New tool reveals ‘missing’ merging galaxies

Astronomers see many breathtaking merging galaxies, with their giant tidal streams of stars and unusual shapes. But some normal-looking galaxies might be merging, too. Now astronomers have a new tool to find out.

When you think about it – given the vastness of space in contrast to the minuteness of all matter – it’s surprising that galaxies collide and merge at all. Yet they do. Astronomers have known for some time, for example, that our Milky Way galaxy will ultimately merge with the large neighboring Andromeda galaxy, some 4 to 8 billion years from now. And just last week we learned that the Large Magellanic Cloud will is on a collision course with our Milky Way, too. This little galaxy will merge with ours in only 2 billion years, possibly knocking our own solar system out of the Milky Way entirely. In distant space, too, astronomers see and study merging galaxies. On January 9, 2019, at the 233rd AAS meeting in Seattle, Washington, astronomers from the Sloan Digital Sky Survey (SDSS) said they have a new tool to find galaxy mergers that would otherwise be “missing.”

They’re searching for these galaxy mergers in data from a survey called MaNGA (Mapping Nearby Galaxies at Apache Point Observatory), which is part of SDSS. The astronomers said in a statement:

These results show that by going beyond simple searches for merging galaxies based just on how they look, astronomers will now be able find more galaxy mergers than ever before.

Merging galaxies. Both appear to have long tails, which is why these 2 galaxies are nicknamed The Mice.

Galaxies may take billions of years to fully merge into a single galaxy. As astronomers look outward in space, they can see only “snapshots” of this long merger process. Located 300 million light-years away in the constellation Coma Berenices, these 2 colliding galaxies have been nicknamed The Mice because of the long tails of stars and gas emanating from each galaxy. Otherwise known as NGC 4676, the pair will eventually merge into a single giant galaxy. Image via Wikimedia Commons.

Rebecca Nevin of the University of Colorado is lead author of the new galaxy study, which formed the basis of her Ph.D. thesis at Colorado with astronomer Julie Comerford acting as advisor. Nevin commented:

Merging galaxies are key to understanding galaxy evolution, but finding them can be tricky.

The astronomers said the beautiful visible features of merging galaxies – the giant tidal streams of stars and unusual shapes – are visible in only a small fraction of those observed. They said some galaxies that don’t appear to be merging may actually be merging, after all. Their statement explained:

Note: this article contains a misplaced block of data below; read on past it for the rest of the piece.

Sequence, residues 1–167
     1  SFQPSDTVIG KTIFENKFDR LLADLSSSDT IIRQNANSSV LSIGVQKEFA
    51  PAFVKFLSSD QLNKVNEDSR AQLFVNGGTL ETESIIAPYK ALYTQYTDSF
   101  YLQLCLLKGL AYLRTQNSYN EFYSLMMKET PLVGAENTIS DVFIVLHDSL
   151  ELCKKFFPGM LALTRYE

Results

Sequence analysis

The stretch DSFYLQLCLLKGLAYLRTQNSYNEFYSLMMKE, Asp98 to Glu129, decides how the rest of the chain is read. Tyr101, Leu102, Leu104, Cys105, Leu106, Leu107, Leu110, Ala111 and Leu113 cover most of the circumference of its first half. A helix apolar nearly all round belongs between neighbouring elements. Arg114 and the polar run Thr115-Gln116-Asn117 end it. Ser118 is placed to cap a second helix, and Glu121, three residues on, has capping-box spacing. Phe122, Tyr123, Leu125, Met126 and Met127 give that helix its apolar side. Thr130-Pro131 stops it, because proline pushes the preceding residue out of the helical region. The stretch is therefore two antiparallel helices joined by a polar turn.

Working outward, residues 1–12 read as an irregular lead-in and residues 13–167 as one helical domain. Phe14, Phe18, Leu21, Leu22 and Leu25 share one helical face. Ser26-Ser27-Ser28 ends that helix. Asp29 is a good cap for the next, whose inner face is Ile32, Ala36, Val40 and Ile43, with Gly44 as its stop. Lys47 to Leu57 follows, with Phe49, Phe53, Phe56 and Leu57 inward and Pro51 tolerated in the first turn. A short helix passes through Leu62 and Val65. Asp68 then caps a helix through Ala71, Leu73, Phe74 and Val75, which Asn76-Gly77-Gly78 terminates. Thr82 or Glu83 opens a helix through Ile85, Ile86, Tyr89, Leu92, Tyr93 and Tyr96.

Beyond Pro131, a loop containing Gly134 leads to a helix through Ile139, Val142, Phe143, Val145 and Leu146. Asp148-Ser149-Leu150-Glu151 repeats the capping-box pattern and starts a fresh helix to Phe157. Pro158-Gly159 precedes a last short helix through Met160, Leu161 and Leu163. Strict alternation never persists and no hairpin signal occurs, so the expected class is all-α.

Astronomers have developed a way to find these hidden mergers. They created a method that uses simulations of merging galaxies to predict both how the mergers would look and how the stars in the galaxies would move.

By comparing their results with observations of galaxies from the SDSS’s Mapping Nearby Galaxies at Apache Point Observatory (MaNGA) survey, astronomers will be able to do much better at identifying merging galaxies in the wild.

Laura Blecha of the University of Florida – another team member – said:

These simulations allow us to predict the more subtle signs of merging galaxies, so we can find mergers in SDSS data that were previously hidden.

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This montage of images from the Hubble Space Telescope shows 6 pairs of galaxies in different stages of the merger process. For more about these galaxies, visit Image via Hubble Heritage Team/NASA/ESA/A. Evans/SDSS.

The team’s method works, in part, by analyzing galaxy images:

They have essentially made a galactic photo album, including pictures of galaxies in all stages of merging. In the past, astronomers’ ‘photo albums’ of galaxy mergers were sparse, including only galaxies in the stage of merging where they looked like spectacular mergers.

Nevin said:

Nowadays, it would be totally unthinkable to take only one or two selfies every year. We have modernized the galaxy merger photo album – now it’s like taking one galaxy merger selfie a day for years.

The astronomers plan to make these extensive photo albums publicly available to everyone. Astronomers will use them to study how galaxies change as they undergo mergers.

Read more about these astronomers’ work via SDSS

Three galaxies observed by the SDSS MaNGA survey. The top row shows the galaxies’ images, while the bottom row shows the velocity of the stars within the galaxies; red means the stars are moving away from us and blue means towards us. The panels on the left show an isolated spiral galaxy, not undergoing a merger. The middle panels show a spectacular pair of merging galaxies, obvious in both the image and the velocity map. The right panels show what appears in the image to be a single galaxy – but the velocity map reveals that it is actually a galaxy that has just merged. This is evident in the disturbed (counter-rotating) features in the velocity map. This example demonstrates the power of the team’s new method, which will identify merging galaxies using both imaging and kinematics. Image via Rebecca Nevin and the SDSS.

Bottom line: Astronomers have developed a new technique for studying merging galaxies.


Deborah Byrd